The National Bank of Cambodia (NBC) on December 31 forecast that the Kingdom’s economic growth will return to four per cent growth this year if Covid-19 vaccines can successfully curtail the spread in the first half.
The central bank’s forecast published in its Macroeconomic and Banking Progress 2020 Report matches the forecast made by the Washington, DC-based World Bank in December.
Inflation is expected to remain below three per cent, a “manageable low” which the NBC is optimistic it can ensure through a “stable exchange rate” and an “increased maintenance of international reserves”.
The NBC said: “International financial institutions have forecast that Cambodia’s economic growth rate could reach four-to-6.8 per cent [in 2021].
“However, these forecasts depend primarily on the effectiveness of the [Covid-19] vaccines, the speed of growth recovery in Cambodia’s economic partners and the strengthening of the local economic base.
“In this context, further strengthening of domestic economic activity will support and reduce the impact on Cambodia’s economic growth due to the external downturn.
“Therefore, the continued implementation of government policies to promote the development of small and medium-sized enterprises, the promotion of innovation and the use of new technologies in all areas is very important to strengthen the growth base of domestic activity.”
According to the NBC, agriculture will remain a vital and high-potential sector that could absorb some of the economic fallout stemming from the crisis, such as unemployment or support for the poor.
Accelerating the diversification of the economic base and the implementation of industrial development strategies will help Cambodia’s economy recover faster from the pandemic, it said.
The advent of oil production will provide the Kingdom another source of funds for the national budget and the future development of priority sectors, it added.
World Bank country manager for Cambodia Inguna Dobraja in mid-December said challenges remain for the Kingdom and Covid-19 has created a need to scale up job creation and stem the unemployment tide.
She said: “Significant uncertainty remains to Cambodia’s growth outlook. The most important policy goal must be to urgently regain jobs lost and suspended due to the pandemic.
“Looking ahead, it is essential that domestic and foreign investments are encouraged to take advantage of recent bilateral and regional free trade agreements.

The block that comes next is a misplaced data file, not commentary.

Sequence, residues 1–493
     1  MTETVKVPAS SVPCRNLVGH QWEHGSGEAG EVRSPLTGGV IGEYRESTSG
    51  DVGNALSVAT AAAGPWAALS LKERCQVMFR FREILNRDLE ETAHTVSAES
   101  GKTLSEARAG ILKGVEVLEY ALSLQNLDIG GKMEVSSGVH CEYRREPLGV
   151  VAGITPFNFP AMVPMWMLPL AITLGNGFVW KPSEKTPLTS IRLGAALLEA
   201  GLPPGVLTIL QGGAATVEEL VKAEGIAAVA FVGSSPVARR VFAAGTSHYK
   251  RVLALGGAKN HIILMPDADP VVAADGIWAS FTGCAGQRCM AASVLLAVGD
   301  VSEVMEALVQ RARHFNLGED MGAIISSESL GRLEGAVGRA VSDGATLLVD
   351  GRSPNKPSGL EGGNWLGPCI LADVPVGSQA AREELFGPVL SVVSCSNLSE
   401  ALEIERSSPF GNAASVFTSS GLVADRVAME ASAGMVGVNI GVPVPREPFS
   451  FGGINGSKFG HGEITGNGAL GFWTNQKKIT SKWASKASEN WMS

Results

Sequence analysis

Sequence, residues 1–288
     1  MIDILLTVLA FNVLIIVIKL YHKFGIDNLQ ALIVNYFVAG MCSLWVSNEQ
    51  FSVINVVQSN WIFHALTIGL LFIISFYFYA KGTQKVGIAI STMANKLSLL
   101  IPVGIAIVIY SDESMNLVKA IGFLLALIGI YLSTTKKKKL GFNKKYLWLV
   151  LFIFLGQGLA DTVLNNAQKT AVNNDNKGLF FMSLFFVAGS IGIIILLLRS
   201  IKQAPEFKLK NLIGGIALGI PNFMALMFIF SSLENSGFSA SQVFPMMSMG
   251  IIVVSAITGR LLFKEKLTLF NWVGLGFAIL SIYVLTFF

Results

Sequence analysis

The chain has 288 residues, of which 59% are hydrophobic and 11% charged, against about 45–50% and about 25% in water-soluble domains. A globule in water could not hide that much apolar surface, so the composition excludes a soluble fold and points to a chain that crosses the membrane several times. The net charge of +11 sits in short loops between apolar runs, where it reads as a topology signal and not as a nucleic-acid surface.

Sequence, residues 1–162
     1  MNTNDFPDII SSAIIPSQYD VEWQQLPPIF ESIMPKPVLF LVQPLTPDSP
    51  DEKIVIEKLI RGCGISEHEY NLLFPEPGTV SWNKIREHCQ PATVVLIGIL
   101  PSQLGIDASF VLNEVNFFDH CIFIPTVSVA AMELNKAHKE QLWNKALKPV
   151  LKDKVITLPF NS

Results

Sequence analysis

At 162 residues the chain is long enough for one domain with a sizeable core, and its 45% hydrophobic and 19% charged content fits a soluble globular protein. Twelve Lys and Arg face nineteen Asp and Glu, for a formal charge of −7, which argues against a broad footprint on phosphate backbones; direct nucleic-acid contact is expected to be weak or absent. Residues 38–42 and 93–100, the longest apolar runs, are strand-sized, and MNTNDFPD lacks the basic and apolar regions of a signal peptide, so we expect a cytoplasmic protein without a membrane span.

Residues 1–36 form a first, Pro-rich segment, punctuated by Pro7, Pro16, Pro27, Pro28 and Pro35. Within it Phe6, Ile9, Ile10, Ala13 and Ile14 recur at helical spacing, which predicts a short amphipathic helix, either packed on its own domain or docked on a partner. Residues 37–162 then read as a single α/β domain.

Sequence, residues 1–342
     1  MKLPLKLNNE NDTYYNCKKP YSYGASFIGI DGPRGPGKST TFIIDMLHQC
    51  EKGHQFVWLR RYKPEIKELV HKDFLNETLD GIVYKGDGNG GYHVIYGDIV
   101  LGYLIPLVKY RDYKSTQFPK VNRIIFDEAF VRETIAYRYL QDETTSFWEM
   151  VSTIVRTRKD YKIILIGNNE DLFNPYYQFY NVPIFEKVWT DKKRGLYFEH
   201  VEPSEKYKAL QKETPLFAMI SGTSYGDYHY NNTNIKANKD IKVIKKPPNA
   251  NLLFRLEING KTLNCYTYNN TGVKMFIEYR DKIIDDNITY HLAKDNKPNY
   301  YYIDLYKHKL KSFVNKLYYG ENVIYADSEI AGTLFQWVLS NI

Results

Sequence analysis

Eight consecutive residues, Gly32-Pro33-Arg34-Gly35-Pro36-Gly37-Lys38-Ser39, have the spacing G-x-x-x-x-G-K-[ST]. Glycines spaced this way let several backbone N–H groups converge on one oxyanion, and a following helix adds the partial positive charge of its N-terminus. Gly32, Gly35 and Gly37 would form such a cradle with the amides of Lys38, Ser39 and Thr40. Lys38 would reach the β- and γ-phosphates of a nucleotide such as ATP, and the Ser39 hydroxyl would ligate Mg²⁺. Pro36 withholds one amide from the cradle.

“This would be possible through prompt introduction of a competitive investment law and incentive schemes, together with moves to improve the ease of doing business.”
Ministry of Economy and Finance spokesman Meas Soksensan recently told The Post that government intervention efforts have helped stabilise the economy to maintain satisfactory progress.
He said: “The government is very pro-active in its response to the impact caused by Covid-19, dealing with it in an immediate way. This builds confident among investors as evident in the still-robust investment and business climate.
“Other barriers impeding investment and business growth have been swiftly handled by the government, leading its trajectory along an improved path.”
Cambodia’s economy is projected to return to four per cent growth in 2021, the World Bank said, citing an improvement in economic activities and the effective implementation of the government’s intervention measures to keep the economy afloat amid Covid-19.
To quickly recover from the pandemic and ensure a return to growth in 2021, the World Bank recommends in its report that Cambodia pursue a number of key measures.
The Kingdom must boost “pro-poor and growth-enhancing public investment including cash-for-work projects” and promote “labour-intensive sectors to generate jobs by taking advantage of the quick recovery of domestic demand for consumer goods”, the World Bank said.
It must also provide “opportunities to facilitate an expansion of domestic and foreign investment arising from recent bilateral and regional free trade agreements, including the Cambodia-China Free Trade Agreement and Regional Comprehensive Economic Partnership”, it added.
It also recommended a “strong Covid-19 vaccine infrastructure, as well as closely monitoring economic vulnerabilities arising from the prolonged construction and property boom”.